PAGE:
Central America Economic Progress and Reforms, Edited by Dominique Desruelle and Alfred Schipke
Occasional paper 257: Economic Growth and Integration in Central America, Edited by Dominique Desruelle and Alfred Schipke
Central American Monetary Council
Central Bank of Costa Rica

Seventh Annual Regional Conference on Central America, Panama, and the Dominican Republic

Central American Monetary Council, Council of Finance Ministers, and International Monetary Fund
Hosted by the Central Bank of El Salvador
Radisson Plaza Hotel, San Salvador
June 26–27, 2008

These annual meetings of finance ministers, central bank governors, financial sector superintendent, IMF management and staff, and representatives from other international financial institutions have become an important policy forum to address key issues facing the region. In addition to fostering a candid exchange of views, the conferences' aims are to search for practical and concrete policy solutions, identify areas where increased regional cooperation may be warranted, and highlight related technical assistance needs.

This year’s conference focused on three important topics: (i) global shocks and implications for policymaking in Central America, Panama, and the Dominican Republic; (ii) the benefits and challenges of the increasing presence of large foreign banks in the region; and (iii) the evolution of tax structures in the context of increased integration. Conference participants also discussed the establishment of a regional technical assistance center. The event was not open to the public but concluded with a Communiqué.

Thursday, June 26, 2008

12:30–2:00 p.m. Informal Lunch
2:15–2:30 p.m. Opening Remarks

Luz María Serpas de Portillo, President, Central Bank, El Salvador

Murilo Portugal, Deputy Managing Director, IMF

  Introductory Remarks

Elías Antonio Saca González, President of the Republic, El Salvador

  Begin of closed session—media withdraws
2:45–4:15 p.m.

Session 1: Food Crisis, Oil Price Hikes, U.S. Slowdown: How to Respond?


Being a net importer of cereals and oil, Central America is strongly affected by current commodity price movements. In addition, the region is vulnerable to the U.S. slowdown, its main export market, source of remittances, and foreign direct investment. Faced with these challenges, this session will analyze the implications of these shocks and discuss policy options.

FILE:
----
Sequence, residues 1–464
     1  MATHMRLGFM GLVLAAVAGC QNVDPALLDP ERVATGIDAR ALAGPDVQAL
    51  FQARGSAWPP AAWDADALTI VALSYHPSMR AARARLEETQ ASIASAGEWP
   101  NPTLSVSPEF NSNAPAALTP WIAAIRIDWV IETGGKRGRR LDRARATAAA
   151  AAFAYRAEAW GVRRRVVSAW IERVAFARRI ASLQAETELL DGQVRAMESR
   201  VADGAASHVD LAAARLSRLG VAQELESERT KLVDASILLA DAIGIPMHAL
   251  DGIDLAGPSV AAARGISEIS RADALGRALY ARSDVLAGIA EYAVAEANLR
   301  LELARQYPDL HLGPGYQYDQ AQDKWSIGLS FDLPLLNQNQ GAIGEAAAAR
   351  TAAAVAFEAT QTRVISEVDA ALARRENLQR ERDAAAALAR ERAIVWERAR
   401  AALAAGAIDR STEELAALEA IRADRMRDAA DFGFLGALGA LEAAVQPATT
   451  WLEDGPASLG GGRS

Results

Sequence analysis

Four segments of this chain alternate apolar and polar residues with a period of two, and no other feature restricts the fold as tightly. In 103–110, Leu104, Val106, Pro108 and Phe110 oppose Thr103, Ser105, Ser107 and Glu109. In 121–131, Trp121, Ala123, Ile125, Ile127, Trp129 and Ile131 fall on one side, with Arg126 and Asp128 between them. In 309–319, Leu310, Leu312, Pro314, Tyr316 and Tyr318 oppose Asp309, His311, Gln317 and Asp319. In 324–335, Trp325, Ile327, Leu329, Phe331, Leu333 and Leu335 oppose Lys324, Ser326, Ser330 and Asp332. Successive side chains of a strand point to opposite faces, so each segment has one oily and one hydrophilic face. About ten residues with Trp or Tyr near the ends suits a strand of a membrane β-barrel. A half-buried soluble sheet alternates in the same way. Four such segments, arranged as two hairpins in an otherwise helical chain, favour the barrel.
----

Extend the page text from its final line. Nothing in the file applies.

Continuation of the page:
Chair: Murilo Portugal, Deputy Managing Director, IMF


Francisco de Paula Gutiérrez, President, Central Bank, Costa Rica

David Robinson, Deputy Director, and Dominique Desruelle, Division Chief, Western Hemisphere Department, IMF


4:15–4:45 p.m. Coffee break
4:45–6:15 p.m.

Session 2: International Banking in Central America


The structure of financial systems in Central America has significantly changed in the last two years, following the purchases of important domestic banks by large foreign financial institutions. This session will examine the benefits of this profound transformation for the stability and efficiency of domestic financial systems as well as the challenges it poses for policymakers and supervisors alike.

Chair: Antenor Rosales, President, Central Bank,  Nicaragua


Jaime Caruana, Director, and Carlos Medeiros, Division Chief, Monetary and Capital Markets Department, IMF


Edgar Barquín, President, Central American Council of Financial Sector Superintendents and Superintendent, Guatemala

Hector Alexander, Minister of Finance and Economy, Panama

Edwin Araque, President, Central Bank, Honduras

Luis Armando Montenegro, Superintendent, El Salvador


7:30–8:00 p.m. Reception
8:00–10:00 p.m. Dinner
  Keynote speaker: Agustín Carstens, Secretary of Finance and Public Credit, Mexico
Friday, June 27, 2007
8:00–9:30 a.m. Breakfast: Central American Regional Technical Assistance Center

Chair: Héctor Manuel Valdez Albizu, President, Central Bank, Dominican Republic

Speaker: Murilo Portugal, Deputy Managing Director, IMF


María Antonieta de Bonilla, President, Central American Monetary Council and President, Central Bank, Guatemala

Guillermo Zúñiga, President, Central American Council of Finance Ministers and Minister of Finance, Costa Rica


9:30–11:00 a.m. Session 3: Tax Structures in the Context of Increased Integration

One of Central America’s key challenges is to raise tax revenue to address pressing needs in a fiscally responsible manner. Regional and global integration, including the establishment of a Central American customs union, have made this task even more complex. This session will investigate tax structures in the region and other parts of the world in the face of such globalization pressures and seek to draw lessons for the design of tax systems.

Chair: Teresa Ter-Minassian, Director, Fiscal Affairs Department, IMF


Rodrigo Cubero, Economist, Western Hemisphere Department, IMF

Juan Alberto Fuentes, Minister of Finance, Guatemala


Rebeca Santos, Minister of Finance, Honduras

William Hándal, Minister of Finance, El Salvador

Alberto Guevara, Minister of Finance, Nicaragua

Vicente Bengoa, Secretary of Finance, Dominican Republic


10:30–11:00 a.m.  Coffee break
11:30–12:00 a.m. Closing Remarks

María Antonieta de Bonilla, President, Central American Monetary Council and President, Central Bank, Guatemala

Anoop Singh, Director, Western Hemisphere Department, IMF

12:30–1:00 p.m. Press Conference
1:00–2:30 p.m. Informal Lunch